A good Second War ‘Anzio Landings’ M.M. group of six awarded to Lance-Sergeant J. F. Thornton, Royal Signals, who died in Anzio on 16 February 1944
Military Medal, G.VI.R. 2031148 L.Sjt. J. F. Thornton. R. Signals; 1939-45 Star; Africa Star, 1 clasp, 1st Army; Italy Star; Defence and War Medals 1939-45, mounted as worn; together with a boxing prize medal, bronze, the reveres engraved ‘T. Bn. R. Signals. Runner Up Light Heavy. 1935. Sgn. Thornton.’,
M.M. London Gazette 15 June 1944:
‘In recognition of gallant and distinguished services in Italy.’
The original Recommendation states: ‘In the assault landing on Anzio, Lance-Sergeant Thornton landed with assault Brigade Headquarters on 22 January 1944. Since that day he has carried out his duties with complete disregard of personal safety and has set a magnificent example in leadership and devotion to duty both to the line detachment and to the whole of the Signal Section.
When the Brigade was holding the left Sector of the Beach Head on 23 January Lance-Sergeant Thornton was ordered to lay lines to forward Battalions. Owing to the nature of the country the possible line routes to the left Battalion were under observation and were subjected to enemy shell and mortar fire. Lance-Sergeant Thornton was continually called upon to repair breaks and his maintenance work whilst under enemy fire was beyond praise. On 1 February the Brigade was ordered to move at night to the Right of the Divisional front. 1 Loyals had previously moved to this sector and at 1130 hrs Lance-Sergeant Thornton was dispatched with one lineman to the new area to prepare line communication in advance of the move of Brigade HQ.
The sector of the front which 1 Loyals were holding was under observation and the line routes to both 1 Loyals and 67 Field Regiment Royal Artillery were continuously being cut by enemy fire.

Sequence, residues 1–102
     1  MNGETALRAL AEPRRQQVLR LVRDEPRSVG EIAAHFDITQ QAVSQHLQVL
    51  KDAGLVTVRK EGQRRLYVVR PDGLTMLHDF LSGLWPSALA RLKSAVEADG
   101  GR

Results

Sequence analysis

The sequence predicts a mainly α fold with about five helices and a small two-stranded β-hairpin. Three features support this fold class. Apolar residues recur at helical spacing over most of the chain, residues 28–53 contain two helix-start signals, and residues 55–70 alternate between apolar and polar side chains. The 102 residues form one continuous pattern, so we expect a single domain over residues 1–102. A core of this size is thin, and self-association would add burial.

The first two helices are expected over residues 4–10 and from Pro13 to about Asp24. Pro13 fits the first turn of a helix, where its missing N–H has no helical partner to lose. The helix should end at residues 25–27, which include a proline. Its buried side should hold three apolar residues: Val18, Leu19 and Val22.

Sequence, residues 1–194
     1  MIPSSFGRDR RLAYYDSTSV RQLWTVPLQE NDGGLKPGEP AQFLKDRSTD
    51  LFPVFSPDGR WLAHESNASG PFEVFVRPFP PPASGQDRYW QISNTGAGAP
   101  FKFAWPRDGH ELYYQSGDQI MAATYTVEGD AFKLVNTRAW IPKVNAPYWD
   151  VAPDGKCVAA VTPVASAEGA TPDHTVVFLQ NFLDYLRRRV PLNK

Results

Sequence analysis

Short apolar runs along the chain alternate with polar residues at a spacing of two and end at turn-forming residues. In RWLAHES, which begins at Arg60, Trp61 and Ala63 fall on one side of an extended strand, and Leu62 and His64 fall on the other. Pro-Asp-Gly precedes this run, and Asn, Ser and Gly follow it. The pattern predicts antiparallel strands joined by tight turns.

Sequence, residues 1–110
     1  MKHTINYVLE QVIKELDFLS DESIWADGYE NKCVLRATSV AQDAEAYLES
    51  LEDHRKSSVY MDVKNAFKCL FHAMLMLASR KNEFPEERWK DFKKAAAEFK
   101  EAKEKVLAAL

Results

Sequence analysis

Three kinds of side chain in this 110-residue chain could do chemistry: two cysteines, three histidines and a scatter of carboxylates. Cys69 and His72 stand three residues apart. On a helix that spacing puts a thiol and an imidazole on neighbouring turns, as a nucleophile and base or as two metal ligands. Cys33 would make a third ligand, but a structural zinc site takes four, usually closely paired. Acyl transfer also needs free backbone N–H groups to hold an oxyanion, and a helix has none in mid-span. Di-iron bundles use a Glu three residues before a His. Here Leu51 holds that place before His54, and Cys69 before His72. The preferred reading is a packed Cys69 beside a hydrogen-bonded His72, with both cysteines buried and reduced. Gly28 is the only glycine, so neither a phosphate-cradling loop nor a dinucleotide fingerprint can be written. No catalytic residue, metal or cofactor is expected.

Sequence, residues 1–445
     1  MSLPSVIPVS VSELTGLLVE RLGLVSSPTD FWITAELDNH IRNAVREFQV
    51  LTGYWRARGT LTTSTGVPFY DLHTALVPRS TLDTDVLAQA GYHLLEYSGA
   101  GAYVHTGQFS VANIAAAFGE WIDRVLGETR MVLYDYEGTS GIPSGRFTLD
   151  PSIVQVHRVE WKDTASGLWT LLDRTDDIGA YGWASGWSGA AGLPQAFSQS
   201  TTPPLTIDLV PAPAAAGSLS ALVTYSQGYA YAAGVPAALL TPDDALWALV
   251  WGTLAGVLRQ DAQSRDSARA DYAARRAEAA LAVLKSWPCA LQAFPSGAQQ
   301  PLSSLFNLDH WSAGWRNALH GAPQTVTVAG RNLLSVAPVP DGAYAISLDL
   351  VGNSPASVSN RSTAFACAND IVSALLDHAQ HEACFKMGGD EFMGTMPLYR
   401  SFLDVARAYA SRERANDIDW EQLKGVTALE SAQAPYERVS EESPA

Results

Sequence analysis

Brigade HQ was established in the new area at 1945 hrs and by 2345 hrs lines were through to 1 Loyals and to the Field Regiment. Enemy fire, however, continued and the lines were in constant need of building and repair. Lance-Sergeant Thornton continued on duty in the forward areas throughout the night repairing the forward lines and also repairing the rearward route to the Divisional Signal Centre. He did not return to HQ until all the lines were reported through again at 0530 hrs on 2 February. During the subsequent eight days which the Brigade was in the line the enemy continued to shell and mortar the Brigade area and Lance-Sergeant Thornton was indefatigable in repairing and maintaining the 16 miles of cable laid in the area.
That line communication on this scale had been maintained, with a detachment of only three men, under most difficult conditions, in both sectors in which the Brigade has been committed, has been entirely due to the example, set by Lance-Sergeant Thornton, of leadership, personal courage, and devotion to duty, whilst under fire.
Brigadier E. E. J. Moore, D.S.O., Commanding 2 Infantry Brigade concurs in the above report and adds:
“From my personal knowledge this N.C.O. has performed his duties regardless of his personal safety and has been conspicuous by his untiring energy throughout the operations in maintaining line communication. I strongly recommend the award of the Military Medal”.’
John Frank Thornton attested for the Royal Corps of Signals and served with 1 Divisional Signals during the Second World War in both North Africa and Italy. Awarded the Military Medal for his gallantry during the Anzio Landings, he died on 16 February 1944, and is buried in Anzio War Cemetery, Italy. The date of his death is the same as a German counter attack with Tiger tanks in Operation Fischfang
With a a portrait photograph of the recipient.